Guns are killing women and the startling statistics regarding this domestic crisis only reinforce the severity of the situation. As reported in an article published in the Huffington post, between the years of 2001 and 2012, the amount of women who were murdered by an intimate partner using a gun was more than the amount of people killed in the Iraq and Afghanistan Wars combined. To be exact, 6,410 women were killed by a gun used by an intimate partner within the past ten years.
The combination of an abusive partner and firearm too frequently results in a deadly mixture for women. In fact, as upheld in a study published by the Law Center to Prevent Gun Violence, when an abusive partner possesses a firearm, he is five times as likely to kill his partner. Whereas only 34 percent of men know their assailants, almost two-thirds of women affected by gun violence know their murderer. Evidently, “as far as intimacy and violence are concerned, our guns are not securing us. They are killing us at home and in our neighborhoods.”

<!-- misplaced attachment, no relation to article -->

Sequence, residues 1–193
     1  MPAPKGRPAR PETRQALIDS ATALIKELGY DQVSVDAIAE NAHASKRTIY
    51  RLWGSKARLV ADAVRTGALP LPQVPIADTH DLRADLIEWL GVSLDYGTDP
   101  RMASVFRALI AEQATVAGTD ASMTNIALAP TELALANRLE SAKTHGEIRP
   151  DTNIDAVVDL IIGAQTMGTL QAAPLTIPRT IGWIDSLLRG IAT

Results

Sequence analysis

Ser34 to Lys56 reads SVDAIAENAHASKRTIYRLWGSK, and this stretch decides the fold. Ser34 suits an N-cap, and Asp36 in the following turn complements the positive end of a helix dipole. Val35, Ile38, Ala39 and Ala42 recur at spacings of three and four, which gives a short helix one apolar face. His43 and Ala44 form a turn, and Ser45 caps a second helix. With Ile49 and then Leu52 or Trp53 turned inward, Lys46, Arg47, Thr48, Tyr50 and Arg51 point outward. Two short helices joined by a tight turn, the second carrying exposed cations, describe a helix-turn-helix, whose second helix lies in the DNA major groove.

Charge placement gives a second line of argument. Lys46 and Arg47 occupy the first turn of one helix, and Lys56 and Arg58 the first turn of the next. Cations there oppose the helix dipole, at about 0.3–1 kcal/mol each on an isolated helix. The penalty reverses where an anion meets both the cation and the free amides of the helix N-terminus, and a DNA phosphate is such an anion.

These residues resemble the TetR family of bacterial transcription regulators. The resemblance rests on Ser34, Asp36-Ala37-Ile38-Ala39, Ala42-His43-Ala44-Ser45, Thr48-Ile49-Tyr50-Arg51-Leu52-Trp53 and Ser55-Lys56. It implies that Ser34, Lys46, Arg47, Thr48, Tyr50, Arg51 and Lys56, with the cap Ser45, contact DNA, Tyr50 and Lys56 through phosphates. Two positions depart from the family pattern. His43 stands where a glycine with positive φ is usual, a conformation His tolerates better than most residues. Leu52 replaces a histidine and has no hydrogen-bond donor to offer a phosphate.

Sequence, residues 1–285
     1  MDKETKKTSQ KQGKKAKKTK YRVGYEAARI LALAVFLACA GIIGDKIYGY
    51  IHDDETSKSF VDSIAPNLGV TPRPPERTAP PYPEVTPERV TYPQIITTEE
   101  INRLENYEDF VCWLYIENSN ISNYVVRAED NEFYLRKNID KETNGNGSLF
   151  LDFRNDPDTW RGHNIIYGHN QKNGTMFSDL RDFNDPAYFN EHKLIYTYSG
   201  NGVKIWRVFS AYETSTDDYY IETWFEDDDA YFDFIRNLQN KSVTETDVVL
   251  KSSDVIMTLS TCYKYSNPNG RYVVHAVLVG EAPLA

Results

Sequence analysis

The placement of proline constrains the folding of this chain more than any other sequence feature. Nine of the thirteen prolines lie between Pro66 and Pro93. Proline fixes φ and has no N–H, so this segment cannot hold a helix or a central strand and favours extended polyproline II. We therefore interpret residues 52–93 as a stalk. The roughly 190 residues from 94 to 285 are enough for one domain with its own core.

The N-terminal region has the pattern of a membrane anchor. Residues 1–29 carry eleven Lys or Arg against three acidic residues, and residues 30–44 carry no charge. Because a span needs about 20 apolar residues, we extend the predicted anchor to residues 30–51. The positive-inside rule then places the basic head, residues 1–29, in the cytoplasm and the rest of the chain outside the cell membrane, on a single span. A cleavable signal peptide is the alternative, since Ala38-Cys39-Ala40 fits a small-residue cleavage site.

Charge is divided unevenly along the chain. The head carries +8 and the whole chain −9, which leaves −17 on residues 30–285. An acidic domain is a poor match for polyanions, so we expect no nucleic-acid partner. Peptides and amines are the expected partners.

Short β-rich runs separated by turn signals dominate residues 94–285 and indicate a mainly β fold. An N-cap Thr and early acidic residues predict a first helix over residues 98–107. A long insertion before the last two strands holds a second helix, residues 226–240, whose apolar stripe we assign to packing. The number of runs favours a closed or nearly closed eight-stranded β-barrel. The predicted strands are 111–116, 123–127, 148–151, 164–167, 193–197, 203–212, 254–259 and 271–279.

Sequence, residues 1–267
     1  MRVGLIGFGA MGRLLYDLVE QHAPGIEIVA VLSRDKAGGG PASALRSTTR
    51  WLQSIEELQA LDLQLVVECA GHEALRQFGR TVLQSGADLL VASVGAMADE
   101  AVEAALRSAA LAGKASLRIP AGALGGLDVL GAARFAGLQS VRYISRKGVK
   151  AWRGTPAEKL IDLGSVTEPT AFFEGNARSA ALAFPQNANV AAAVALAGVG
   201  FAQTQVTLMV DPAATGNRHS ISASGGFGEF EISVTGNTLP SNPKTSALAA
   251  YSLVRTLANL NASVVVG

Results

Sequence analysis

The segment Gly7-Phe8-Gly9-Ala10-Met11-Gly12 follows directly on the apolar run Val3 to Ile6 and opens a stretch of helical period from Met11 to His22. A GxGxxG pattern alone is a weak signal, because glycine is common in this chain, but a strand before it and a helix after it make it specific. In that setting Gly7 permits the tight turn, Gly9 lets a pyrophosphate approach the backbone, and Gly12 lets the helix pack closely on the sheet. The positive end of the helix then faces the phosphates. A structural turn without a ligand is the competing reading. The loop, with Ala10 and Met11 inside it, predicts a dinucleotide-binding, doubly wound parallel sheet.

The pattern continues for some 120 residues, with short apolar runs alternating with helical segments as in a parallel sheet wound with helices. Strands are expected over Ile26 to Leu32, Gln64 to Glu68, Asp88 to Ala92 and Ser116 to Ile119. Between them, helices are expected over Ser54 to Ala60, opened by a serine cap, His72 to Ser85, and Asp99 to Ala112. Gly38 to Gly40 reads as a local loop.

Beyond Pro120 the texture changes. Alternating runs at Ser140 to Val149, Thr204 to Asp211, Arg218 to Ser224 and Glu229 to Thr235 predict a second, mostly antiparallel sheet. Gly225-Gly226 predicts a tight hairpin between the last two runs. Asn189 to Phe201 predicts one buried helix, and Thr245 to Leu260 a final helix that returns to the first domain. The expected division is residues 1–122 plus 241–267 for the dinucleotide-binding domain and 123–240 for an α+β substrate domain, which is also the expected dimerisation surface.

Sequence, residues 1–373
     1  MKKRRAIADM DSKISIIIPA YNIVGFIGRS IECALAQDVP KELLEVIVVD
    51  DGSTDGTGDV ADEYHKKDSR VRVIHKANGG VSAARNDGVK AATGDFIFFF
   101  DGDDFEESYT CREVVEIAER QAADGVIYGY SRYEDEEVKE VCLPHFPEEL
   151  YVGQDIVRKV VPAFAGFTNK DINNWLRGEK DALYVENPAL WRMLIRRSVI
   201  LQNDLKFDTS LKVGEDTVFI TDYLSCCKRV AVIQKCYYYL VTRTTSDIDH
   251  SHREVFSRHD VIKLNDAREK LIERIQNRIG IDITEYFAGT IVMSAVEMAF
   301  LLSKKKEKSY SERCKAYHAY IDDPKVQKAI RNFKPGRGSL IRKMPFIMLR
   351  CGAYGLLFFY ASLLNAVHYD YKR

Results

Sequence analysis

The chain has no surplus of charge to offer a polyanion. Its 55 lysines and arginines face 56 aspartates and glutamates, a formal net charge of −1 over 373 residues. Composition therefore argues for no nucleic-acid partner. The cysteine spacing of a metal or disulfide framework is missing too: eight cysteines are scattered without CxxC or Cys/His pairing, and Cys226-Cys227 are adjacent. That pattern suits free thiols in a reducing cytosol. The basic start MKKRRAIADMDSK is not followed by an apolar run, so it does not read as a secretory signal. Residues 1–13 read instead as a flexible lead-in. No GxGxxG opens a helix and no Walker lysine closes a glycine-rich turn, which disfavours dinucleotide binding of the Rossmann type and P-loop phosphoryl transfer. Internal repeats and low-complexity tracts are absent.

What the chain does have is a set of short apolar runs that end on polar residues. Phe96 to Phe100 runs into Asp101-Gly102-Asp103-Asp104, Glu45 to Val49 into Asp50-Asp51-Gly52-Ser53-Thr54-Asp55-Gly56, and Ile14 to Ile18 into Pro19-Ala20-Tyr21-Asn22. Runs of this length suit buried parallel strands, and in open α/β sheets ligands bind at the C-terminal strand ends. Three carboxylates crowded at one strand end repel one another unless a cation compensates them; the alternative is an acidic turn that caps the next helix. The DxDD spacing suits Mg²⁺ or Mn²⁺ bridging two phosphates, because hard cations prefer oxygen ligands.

It is clear that the gun violence crisis perpetuated by domestic abusers needs to be addressed. Fortunately, as outlined in the article, there are several actions we can demand our legislators to take in order to protect our women. First, legislators should prohibit all abusers, stalkers, and those subject to restraining orders from possessing firearms. Furthermore, law enforcement and government agencies should report these abusers in a timely manner to NICS so that the background check system can work effectively. Third, legislators should recognize that spouses are not the only ones subject to domestic violence; dating partners are too. Therefore, the legal language surrounding domestic abuse should be redefined to include a broader range of relationships. Lastly, though it may seem obvious, we must continue to demand from lawmakers and law enforcement agents to keep guns from prohibited users. By taking these steps, we can protect women.